Well, let me remind you of the name of the forum.....FORMER....remember that?

    This is a forum for those who appreciate tennis in its past glory days, which were vastly more engaging than what we have to look at in this year's Wimbledon.
     
    #42
  43. treblings

    treblings Hall of Fame

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    That‘s good to hear..I feel the same.
     
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  44. Dan Lobb

    Dan Lobb Legend

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    I see the almost universal injuries taking a toll on the tennis fields, like this year's Wimbledon, for example, and I relate it to the rubber surfaces which prevail on the circuit...who can possibly enjoy that?

    It's like sitting by a busy intersection and watching the car wrecks.

    Not my cup of tea.
     
    #44
  45. Dan Lobb

    Dan Lobb Legend

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    Nadal 32 years old
    Djokovic 31 years old
    Isner 33 years old
    Anderson 32 years old

    If one did not know better, you might think that this year's Wimbledon semi's were part of a senior's retro event.
     
    #45
  46. krosero

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    Laver does not quite reach 80% in those years, TB has him at 77.9% (I have 78.3% but I am lagging slightly in putting all new results into my Excel sheet). At the same age of life, Rosewall is 76.4%, Gonzalez 71.8%. Of course these are all snapshots as you say, and if you shift the years a little you could get better numbers: I know Gonzalez's best 5-year period was 73.4% for example (still a little low but his stats were particularly dragged down by playing so many long ONS tours, which dragged down percentages even more so than the tournaments on the old pro tour). But I think among such snapshots, Laver's number of ca. 78% in 1964-67 is as high as you're going to get in the old pro tour environment.

    Best 5-year percentages for the modern players you named are not that much higher, per the calculations I did a couple of years ago. Agassi's is 79.1%, Becker is 83.9%, Sampras 84.1%. But those are in the low range for OE greats. (Agassi's is the very lowest one I have for all the OE greats I compared). Nadal's best is 86.2, Mac 89.6, Djoker 89.8, Federer 90.7, Lendl 91.0, Borg, 91.4, Connors 91.9.

    It's all debatable but the take-away for me when I look at these stats is not that Laver's pro period numbers are close to OE numbers, but rather that even the top numbers of the old pro tours (such as Laver's) fall just short of the bottom-tier OE greats -- and well short of the best OE numbers.

    And for me that's all about the unique format(s) of the old pro tour, and nothing at all to do with the relative greatness of the individual players.
     
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  47. Dan Lobb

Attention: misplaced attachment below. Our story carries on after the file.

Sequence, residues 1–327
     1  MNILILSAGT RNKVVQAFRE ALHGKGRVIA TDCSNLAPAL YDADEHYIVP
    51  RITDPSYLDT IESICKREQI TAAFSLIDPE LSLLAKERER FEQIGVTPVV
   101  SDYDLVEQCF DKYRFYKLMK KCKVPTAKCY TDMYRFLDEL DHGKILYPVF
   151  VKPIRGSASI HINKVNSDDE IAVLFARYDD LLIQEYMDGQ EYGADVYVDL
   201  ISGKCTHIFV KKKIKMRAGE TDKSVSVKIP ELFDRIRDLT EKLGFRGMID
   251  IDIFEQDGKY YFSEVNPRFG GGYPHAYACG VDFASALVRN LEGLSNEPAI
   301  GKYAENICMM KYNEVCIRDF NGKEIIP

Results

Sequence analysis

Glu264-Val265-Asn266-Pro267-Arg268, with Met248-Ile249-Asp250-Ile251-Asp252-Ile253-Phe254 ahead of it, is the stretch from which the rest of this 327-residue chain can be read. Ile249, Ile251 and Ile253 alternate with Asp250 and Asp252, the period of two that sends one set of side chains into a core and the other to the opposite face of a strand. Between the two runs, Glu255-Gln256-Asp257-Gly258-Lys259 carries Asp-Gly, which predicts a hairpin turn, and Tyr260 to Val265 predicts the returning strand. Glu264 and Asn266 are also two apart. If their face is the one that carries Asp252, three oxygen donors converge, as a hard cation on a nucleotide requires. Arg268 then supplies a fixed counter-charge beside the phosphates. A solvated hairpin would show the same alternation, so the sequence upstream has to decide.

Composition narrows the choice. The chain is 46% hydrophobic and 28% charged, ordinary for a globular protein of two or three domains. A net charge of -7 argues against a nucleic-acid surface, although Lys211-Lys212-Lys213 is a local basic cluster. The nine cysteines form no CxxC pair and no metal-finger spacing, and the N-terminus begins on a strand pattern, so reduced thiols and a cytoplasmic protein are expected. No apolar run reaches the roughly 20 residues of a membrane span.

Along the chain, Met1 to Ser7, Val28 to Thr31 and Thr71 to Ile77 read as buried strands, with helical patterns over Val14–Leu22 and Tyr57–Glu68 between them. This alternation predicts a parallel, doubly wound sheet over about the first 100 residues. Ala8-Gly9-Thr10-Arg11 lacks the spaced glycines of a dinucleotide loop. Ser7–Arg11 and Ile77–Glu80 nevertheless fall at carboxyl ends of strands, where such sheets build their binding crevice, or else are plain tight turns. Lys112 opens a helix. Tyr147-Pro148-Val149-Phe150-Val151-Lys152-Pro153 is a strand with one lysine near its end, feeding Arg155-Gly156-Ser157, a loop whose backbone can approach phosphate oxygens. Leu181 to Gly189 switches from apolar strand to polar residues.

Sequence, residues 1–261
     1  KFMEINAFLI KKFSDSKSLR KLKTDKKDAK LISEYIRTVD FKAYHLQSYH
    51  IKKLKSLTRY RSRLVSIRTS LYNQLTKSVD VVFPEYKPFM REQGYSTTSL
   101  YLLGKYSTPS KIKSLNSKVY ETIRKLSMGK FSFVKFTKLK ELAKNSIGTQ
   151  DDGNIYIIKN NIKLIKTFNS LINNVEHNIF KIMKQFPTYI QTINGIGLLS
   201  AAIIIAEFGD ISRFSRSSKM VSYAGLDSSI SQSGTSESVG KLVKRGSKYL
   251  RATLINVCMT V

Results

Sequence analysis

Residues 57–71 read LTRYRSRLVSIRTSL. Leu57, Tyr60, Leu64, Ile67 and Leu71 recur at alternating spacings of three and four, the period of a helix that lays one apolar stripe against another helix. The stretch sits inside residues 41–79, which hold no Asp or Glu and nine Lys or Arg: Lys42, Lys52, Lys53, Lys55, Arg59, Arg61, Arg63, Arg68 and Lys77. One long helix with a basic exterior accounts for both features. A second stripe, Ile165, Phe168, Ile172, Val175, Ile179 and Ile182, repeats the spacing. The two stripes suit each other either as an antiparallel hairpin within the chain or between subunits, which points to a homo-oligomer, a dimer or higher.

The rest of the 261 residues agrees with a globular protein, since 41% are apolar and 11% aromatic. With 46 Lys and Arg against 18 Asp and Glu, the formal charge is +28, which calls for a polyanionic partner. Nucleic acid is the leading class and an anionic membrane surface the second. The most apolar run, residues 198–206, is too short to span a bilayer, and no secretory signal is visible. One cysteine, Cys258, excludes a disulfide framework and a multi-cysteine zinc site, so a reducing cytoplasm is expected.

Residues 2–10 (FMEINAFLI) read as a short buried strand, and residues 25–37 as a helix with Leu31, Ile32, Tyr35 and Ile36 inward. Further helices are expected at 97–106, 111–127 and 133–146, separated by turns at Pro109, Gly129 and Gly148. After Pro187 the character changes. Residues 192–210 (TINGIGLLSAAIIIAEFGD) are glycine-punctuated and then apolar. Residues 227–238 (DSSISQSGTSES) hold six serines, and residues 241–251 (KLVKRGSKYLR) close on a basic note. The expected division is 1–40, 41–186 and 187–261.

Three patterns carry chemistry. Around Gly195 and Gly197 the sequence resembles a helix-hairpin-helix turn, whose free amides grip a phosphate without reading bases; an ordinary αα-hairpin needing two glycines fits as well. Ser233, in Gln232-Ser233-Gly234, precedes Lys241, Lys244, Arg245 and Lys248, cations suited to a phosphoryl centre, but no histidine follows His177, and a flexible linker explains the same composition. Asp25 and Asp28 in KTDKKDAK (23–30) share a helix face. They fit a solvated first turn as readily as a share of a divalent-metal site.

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    The "like" I gave to this post is not necessarily an indication of agreement, but rather an acknowledgment of an interesting post.

    The old pro era format would make no sense commercially unless the pro troupe contained outstanding players, so in that sense obviously the lower percentage wins for top players is clearly related to the strength of the field.

    To make a fair comparison between 1959 and 2018, we should examine the win rates for the 1959 Ampol tournament series, which included 10 HOF players among the 12 participants, and compare that to the winning percentages for the top players today against the top 12 rated players of today.

    That comparison would likely show win rates above 71-2 %, which is the level achieved by Hoad and Gonzales on that 1959 tour.
     
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  48. Gary Duane

    Gary Duane G.O.A.T.

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    No. I mentioned one great point. It was not the only good one.
    There were not the players I would have chosen to get to the SFs. I don't like tall bots who depend so much on serving to win.
    There are those who claim that what is going on right now is the best ever, with the best trained, most athletic men we've ever seen. I think that is a ridiculous exaggeration.

    But you are part of the opposite extreme. For you everything good was in the past, and nothing going on now can compare in any way.

    You have the right to view things as you wish, but it does not seem like much fun.
     
    Last edited: Jul 15, 2018 at 7:57 AM
    #48
  49. Q&M son

    Q&M son Professional

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    Always Ken WANT to WIN Wimbledon. But so many years playing on pro circuit just put this very hard to achieve
     
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  50. Q&M son

    Q&M son Professional

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    WANTED, sorry